Roles for individual jobs tend to be more rigidly defined in vertical organizations where there is a strict hierarchy. In horizontal organizations, especially small businesses, individual employees may wear many different hats at once, fulfilling multiple jobs at once. This decentralization can lead to role confusion in horizontal teams, whereas positions and their duties tend to be very clearly defined in vertical teams.
The decision-making process looks very different in vertical vs. horizontal organizational structures. In a horizontal structure, employees typically have much more autonomy and decision-making power, and there is less emphasis on getting approval from management before proceeding with decisions. In a vertical structure, lower level employees typically don’t have as much input or autonomy when it comes to major strategic decisions, reducing employee engagement.
One downside of this arrangement is that horizontal teams can also make it difficult to reach a consensus for decisions, especially if everyone has been given an equal vote in the name of employee empowerment. In contrast, most vertical teams have one person or at most a handful of people making the decisions, which means that reaching a consensus is typically easier.
Both of these decision-making arrangements can also backfire due to lack of knowledge and accountability. In a horizontal structure, particularly startups, the employees may not have the necessary experience to make sound business decisions. This can also be true in vertical companies, such as when CEOs who are far removed from daily business operations make decisions that affect rank-and-file employees.
While risk tolerance can vary due to a variety of factors, on the whole, horizontal organizations tend to be willing to tolerate a higher degree of risk than vertical organizational structures, which can be both a pro and a con. Part of this lack of risk tolerance is due to the extra bureaucracy and red tape in vertical companies, which makes it more difficult to get the necessary approvals from management on riskier plans.
Should I Use a Horizontal or Vertical Structure?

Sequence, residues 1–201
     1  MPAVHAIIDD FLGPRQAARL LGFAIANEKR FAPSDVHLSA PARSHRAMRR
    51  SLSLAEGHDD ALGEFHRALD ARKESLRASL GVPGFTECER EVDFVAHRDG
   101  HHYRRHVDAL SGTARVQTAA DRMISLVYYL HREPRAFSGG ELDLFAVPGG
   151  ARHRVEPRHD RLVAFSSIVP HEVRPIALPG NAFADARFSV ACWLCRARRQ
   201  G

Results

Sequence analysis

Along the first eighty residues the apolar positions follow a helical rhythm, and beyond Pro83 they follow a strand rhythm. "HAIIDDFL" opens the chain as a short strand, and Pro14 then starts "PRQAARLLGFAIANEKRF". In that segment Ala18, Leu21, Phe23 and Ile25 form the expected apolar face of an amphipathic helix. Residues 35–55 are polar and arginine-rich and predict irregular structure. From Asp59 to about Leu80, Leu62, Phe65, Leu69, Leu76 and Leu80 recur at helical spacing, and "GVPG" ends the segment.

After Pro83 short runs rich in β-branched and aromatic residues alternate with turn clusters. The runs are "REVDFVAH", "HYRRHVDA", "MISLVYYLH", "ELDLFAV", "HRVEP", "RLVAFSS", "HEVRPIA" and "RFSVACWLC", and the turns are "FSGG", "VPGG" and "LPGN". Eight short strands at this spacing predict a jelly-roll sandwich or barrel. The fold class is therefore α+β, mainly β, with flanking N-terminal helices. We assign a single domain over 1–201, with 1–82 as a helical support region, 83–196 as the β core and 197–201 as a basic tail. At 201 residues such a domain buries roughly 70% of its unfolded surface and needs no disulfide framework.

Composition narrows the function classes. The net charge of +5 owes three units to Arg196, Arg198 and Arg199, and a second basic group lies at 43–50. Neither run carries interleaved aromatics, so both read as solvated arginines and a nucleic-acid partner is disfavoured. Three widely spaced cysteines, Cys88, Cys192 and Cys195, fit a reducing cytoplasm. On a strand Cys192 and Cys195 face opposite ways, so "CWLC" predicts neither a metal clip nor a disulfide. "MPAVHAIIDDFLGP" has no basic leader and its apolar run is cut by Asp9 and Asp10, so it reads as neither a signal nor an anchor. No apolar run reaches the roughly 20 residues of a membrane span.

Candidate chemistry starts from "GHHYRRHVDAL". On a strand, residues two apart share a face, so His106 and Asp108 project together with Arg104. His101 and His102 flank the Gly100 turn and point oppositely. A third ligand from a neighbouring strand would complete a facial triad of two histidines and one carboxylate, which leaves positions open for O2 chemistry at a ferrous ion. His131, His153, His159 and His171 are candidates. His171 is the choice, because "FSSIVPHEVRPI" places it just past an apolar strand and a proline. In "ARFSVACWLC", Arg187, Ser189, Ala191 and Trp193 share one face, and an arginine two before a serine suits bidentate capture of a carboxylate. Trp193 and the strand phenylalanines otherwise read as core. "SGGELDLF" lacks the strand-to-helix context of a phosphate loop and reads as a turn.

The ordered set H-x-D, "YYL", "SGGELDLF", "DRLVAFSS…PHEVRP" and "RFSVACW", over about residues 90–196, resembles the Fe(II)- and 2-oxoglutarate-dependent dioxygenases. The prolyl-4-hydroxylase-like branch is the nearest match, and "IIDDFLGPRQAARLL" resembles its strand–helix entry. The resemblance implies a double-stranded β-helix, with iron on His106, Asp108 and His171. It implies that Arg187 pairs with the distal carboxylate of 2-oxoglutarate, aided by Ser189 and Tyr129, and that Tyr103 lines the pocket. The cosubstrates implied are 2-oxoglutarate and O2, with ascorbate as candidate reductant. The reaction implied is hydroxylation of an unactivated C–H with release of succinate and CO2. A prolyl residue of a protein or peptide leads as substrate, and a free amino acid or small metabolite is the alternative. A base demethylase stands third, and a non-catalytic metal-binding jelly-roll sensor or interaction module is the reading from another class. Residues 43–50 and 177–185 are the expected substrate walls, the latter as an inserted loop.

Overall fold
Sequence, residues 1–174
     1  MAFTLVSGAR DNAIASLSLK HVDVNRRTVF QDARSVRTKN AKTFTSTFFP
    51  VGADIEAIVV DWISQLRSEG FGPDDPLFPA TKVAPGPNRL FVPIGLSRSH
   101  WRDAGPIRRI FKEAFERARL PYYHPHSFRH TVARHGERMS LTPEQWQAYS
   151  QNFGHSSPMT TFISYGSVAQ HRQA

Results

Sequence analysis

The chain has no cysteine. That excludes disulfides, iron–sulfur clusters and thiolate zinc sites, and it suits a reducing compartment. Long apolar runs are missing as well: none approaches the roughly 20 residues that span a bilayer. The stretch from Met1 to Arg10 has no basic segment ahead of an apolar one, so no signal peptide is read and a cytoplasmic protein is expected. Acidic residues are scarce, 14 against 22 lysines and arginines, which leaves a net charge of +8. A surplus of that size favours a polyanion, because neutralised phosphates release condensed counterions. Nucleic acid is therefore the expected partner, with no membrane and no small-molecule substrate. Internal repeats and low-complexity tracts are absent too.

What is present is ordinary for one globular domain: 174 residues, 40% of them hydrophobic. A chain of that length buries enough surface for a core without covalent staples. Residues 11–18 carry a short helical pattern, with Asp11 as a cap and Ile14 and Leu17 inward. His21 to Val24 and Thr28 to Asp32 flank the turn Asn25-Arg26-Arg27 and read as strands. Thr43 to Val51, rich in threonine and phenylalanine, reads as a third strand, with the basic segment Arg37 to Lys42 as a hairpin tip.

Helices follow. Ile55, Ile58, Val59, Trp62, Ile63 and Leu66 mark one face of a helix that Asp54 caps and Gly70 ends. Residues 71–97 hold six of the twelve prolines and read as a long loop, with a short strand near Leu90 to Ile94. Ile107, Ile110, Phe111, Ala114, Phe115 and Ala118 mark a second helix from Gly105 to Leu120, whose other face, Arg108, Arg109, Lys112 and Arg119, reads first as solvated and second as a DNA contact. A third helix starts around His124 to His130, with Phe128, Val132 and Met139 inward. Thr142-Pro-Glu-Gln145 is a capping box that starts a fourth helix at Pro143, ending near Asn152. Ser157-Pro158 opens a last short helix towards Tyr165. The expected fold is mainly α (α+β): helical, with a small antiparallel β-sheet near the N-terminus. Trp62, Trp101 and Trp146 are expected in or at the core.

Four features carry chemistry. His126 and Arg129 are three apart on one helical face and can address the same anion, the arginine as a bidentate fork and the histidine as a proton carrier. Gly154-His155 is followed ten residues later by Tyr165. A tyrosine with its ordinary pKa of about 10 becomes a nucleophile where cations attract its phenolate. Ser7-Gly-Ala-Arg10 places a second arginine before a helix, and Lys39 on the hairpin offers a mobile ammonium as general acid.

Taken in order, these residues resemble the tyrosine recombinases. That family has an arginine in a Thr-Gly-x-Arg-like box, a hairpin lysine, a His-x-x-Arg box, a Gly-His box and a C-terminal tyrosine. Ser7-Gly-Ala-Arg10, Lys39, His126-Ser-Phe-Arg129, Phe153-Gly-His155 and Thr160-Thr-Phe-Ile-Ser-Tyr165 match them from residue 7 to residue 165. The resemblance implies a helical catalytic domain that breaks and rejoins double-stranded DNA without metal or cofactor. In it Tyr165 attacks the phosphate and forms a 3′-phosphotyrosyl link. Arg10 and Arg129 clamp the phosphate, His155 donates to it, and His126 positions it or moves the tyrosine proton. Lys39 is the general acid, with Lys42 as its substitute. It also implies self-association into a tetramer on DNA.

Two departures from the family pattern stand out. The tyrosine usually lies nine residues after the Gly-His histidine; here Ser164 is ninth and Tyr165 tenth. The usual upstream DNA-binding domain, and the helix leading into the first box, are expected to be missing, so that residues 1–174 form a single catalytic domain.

Choosing a functional structure for your company is an important decision. Both horizontal and vertical team structures can work, depending on your company’s size and needs. Before you make a decision either way, you need to determine your current team structure, then review your current performance and future goals to see if your current organizational structure is working or not.
You should also consider the age and size of your company. Typically older, larger companies like corporations benefit from a more vertical structure. But younger, smaller companies may prefer a more horizontal structure. The larger a company becomes, the more difficult it is to maintain a truly flat organizational structure.
You should also think about how you want to structure growth opportunities for employees. Typically, vertical teams have a clear path to promotion since there is a strict hierarchy in place. On the other hand, it’s easier to gain new skills on a horizontal team where jobs are less defined.
Keep in mind that hybrid organizational structures are also a possibility, so you may not need to stick to one side or another. For instance, your overall company might have a vertical organization structure, but you could set up your team like a flat organization to encourage collaboration and autonomy.
Once you’ve determined if your business has a horizontal or vertical organizational structure, you may have a better idea of which project management tools will best fit your business model. You can check out our guide to the best project management software for some of our top-rated picks to get started and go from there.